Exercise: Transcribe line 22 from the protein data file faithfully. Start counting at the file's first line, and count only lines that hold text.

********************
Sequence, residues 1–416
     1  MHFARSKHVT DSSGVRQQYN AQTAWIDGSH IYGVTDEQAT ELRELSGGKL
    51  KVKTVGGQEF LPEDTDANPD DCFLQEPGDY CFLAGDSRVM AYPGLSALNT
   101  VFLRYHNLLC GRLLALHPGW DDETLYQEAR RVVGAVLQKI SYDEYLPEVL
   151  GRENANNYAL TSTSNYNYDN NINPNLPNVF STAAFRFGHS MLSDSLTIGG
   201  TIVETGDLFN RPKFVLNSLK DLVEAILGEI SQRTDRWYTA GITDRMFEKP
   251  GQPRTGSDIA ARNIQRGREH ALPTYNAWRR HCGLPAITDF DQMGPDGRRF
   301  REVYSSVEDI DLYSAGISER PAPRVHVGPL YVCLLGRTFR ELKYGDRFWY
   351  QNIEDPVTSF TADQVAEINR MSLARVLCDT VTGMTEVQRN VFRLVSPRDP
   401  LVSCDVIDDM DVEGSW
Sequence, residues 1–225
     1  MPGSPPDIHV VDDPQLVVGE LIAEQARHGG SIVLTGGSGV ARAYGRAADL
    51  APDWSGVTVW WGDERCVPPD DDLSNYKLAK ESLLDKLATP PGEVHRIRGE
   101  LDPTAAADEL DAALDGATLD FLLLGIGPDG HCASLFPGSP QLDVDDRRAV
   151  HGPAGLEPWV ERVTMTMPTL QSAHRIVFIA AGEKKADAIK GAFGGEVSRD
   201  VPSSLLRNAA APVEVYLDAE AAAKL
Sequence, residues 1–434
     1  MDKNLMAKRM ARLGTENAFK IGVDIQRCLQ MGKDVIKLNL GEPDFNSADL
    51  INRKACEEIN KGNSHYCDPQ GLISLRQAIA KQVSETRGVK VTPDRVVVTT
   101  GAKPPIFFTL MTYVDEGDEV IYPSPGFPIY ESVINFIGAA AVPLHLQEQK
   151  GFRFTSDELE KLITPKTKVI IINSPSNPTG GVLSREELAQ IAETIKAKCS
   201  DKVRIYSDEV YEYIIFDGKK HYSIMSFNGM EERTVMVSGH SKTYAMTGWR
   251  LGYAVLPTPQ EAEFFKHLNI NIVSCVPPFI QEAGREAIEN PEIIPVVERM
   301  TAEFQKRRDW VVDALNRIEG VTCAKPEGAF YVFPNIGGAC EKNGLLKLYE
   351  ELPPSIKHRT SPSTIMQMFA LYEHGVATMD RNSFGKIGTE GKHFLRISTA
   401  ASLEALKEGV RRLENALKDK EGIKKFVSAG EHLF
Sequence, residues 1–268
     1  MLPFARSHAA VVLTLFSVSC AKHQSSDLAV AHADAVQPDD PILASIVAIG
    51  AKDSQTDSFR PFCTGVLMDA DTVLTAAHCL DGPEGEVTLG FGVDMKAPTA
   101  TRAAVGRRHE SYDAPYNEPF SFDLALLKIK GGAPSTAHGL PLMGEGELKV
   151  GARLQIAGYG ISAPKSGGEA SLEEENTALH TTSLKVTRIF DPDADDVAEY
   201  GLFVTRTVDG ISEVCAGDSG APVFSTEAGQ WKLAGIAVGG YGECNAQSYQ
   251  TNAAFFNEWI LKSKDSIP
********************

   201  DKVRIYSDEV YEYIIFDGKK HYSIMSFNGM EERTVMVSGH SKTYAMTGWR